By Kevin J. Anderson
[This is an abridged version of an article from KJA’s April 8, 2010 Blog Post entitled: Dictating, Writing, Hiking]
It’s been about fifteen years since I gave up the keyboard and took up a recorder for my first drafts. Since that time, I’ve dictated nearly fifty novels on an innumerable number of micro-cassettes, speaking the words aloud, rather than typing them into my word processor.
While this might not seem to be a writer’s traditional technique, remember that the storyteller’s art has always been a spoken one. Revered shamans would tell tales around the campfire, legends of monsters in the darkness or heroes who killed the biggest mammoth. Homer did not write his epics down. What could be more natural than speaking your novel aloud before committing the words to a computer hard drive or an editor’s red pencil?
Okay, so you’re perfectly satisfied with sitting at your cramped card table after shoving aside the checkbook and the bills to clear a spot for writing. If you can truly work that way, then I salute you. For me, as I write this article, I am hiking in a canyon above the Colorado River, making my way up to a pristine lake and a spectacular waterfall — I wouldn’t trade places in a thousand years.
One of the primary advantages of writing with a digital recorder is that you can be outside in a spectacular area, bombarded with inspiration. There, the details of nature or history itself can provide story fodder.
I just spent a week in Capital Reef National Park in the slickrock canyons of southern Utah, where I wrote a significant portion of my “Saga of Seven Suns” novels. During my hikes, I dictated the adventures of characters exploring ancient, abandoned cities within rock overhangs, very similar to the Anasazi ruins I visited.
Even if you aren’t in a place precisely comparable to your subject matter, you can still experience sounds and smells and sensations that add vivid details to your prose — details you may not remember while sitting numbed in your cluttered office at home.
Another advantage of dictating while out walking is the solitude and the peace-of-mind you’ll encounter. While hiking, you can let your mind sink into the universe of your story, blessedly without interruptions. Out on the trail with your digital recorder, you can avoid telephone calls, faxes, the temptation to log on and read your email, do the dishes, scrub the toilets, clean the attic. . . .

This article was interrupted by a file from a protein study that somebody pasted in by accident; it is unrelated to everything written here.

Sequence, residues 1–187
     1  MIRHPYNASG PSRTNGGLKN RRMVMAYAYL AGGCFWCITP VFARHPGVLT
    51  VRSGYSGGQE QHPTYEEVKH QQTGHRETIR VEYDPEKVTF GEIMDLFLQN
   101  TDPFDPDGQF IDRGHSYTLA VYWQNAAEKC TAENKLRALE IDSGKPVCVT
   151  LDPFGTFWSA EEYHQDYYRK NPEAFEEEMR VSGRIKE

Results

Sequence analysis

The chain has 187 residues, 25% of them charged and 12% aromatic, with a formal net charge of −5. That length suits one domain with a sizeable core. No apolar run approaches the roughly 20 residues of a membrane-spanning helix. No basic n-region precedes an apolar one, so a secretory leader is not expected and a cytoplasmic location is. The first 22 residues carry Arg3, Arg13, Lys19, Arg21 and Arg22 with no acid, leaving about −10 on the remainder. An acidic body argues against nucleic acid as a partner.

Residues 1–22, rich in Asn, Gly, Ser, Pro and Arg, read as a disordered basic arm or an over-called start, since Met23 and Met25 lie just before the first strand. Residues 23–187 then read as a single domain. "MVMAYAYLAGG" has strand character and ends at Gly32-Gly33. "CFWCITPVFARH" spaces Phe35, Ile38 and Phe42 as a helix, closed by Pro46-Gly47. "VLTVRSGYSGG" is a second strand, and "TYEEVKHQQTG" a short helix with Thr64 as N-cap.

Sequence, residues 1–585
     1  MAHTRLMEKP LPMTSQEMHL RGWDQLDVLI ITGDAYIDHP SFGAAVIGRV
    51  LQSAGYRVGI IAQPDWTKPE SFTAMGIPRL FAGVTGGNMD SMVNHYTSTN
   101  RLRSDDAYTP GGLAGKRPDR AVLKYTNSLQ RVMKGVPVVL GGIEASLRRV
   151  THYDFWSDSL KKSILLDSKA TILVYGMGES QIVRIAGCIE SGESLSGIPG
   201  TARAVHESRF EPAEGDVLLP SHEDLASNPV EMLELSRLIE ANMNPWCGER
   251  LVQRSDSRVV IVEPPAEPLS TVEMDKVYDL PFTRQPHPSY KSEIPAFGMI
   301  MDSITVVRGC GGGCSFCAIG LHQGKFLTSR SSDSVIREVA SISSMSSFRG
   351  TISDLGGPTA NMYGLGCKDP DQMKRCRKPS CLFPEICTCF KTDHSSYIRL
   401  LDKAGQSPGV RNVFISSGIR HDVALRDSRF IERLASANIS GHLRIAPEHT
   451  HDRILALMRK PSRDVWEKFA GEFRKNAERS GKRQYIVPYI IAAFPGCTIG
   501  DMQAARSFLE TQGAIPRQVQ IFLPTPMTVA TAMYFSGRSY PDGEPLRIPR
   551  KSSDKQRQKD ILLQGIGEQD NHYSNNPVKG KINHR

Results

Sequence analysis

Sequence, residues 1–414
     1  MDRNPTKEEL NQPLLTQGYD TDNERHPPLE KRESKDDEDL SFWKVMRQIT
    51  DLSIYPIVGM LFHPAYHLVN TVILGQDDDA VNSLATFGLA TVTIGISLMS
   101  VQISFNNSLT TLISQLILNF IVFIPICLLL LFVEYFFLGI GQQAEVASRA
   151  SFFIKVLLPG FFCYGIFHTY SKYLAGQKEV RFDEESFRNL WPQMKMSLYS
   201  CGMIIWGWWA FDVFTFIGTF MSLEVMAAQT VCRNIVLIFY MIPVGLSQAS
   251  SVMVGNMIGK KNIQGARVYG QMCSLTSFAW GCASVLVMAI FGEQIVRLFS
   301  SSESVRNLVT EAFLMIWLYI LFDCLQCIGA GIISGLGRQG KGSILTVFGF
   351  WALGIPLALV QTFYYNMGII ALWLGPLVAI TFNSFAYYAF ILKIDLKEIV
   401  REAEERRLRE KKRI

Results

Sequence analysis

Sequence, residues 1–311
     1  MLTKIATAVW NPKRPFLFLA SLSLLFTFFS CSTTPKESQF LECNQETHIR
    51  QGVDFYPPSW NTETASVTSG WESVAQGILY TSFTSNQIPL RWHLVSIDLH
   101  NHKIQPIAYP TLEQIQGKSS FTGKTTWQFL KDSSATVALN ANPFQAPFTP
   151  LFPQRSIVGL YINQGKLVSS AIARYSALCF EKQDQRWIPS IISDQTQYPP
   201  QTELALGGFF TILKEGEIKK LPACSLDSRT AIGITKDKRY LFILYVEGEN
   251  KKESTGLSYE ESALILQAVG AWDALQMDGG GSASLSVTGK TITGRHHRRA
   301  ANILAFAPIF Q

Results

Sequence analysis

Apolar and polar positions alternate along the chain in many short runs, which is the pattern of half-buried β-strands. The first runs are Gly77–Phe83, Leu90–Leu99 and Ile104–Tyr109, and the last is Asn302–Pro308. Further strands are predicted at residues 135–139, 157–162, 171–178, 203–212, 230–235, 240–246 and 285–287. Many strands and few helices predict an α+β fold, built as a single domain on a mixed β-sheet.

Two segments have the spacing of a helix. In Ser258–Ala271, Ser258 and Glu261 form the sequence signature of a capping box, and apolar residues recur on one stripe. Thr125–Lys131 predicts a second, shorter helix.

Let’s face it, writing is a sedentary profession. Full-time authors spend their days seated firmly in the chair, fingers the keyboard, without a great deal of invigorating exercise. Personally, I hate being cooped up in the office and would rather be hiking, or even just walking along bike paths in an urban area. Once I learned how to dictate, I no longer had to choose between a day of hiking or a day of writing. I can do both at the same time. It keeps me fit and active, and it prevents me from becoming one of those “pear-shaped people.”
When I’m out dictating I manage to produce far more pages in less time than if I’m chained to my desk. I’ve even learned how to fool myself into writing more than I originally intended to do. In a trick I call the “round-trip deception,” I will keep hiking outbound until I have completed one entire chapter . . . at which point I should have just enough time on the way back to dictate another full chapter. Since I have to walk back anyway, I might as well be writing.
The most obvious drawback with dictation is that once you’ve recorded a chapter, then it must be transcribed. Depending on how fast you type, you can transcribe your own files, of course — but to me this defeats the purpose of using a recorder. In the time it takes to transcribe a chapter, I could just as well have written a completely new one.
Typists offer their services in the classified ads of many writers’ magazines; transcribers or stenographers are also listed in your local yellow pages. The going rate seems to be around $2 – $3 per page.
You may need to try several different typists before you find one who works well with your material. (I burned out one stenographer with a single DUNE tape; she simply couldn’t handle the strange science fiction setting and vocabulary!) My regular typist has learned my quirks and knows when to change dialog, when to break paragraphs, what punctuation to use. She has even offered insightful comments on novels-in-progress. Often I feel like Charles Dickens writing a weekly serial, handing one chapter at a time so the typist can see what happens next. I upload the files, email them to her, she transcribed them, and emails me back the Word files.
Always keep in mind that, like any other writing technique, dictation is a skill that must be learned. Give it time and practice. I started out carrying a recorder to dictate occasional notes because I liked to walk while mulling over storylines and developing characters. This habit evolved into speaking outlines, laying out scenes, and then detailed rough drafts. Now it’s graduated to near-finished prose.
Some people try the recorder once and give up, claiming that it feels too “unnatural.” By comparison, writers are accustomed to thinking up sentences, breaking them down into words, spelling those words, then moving their fingers across a scrambled keyboard to put down the prose one letter at a time. (Remember, the QWERTY keyboard was intentionally designed to slow down typists!) Just talking out loud doesn’t seem any less natural to me!
So keep an open mind if you are willing to try a new writing technique. Go out and talk to yourself.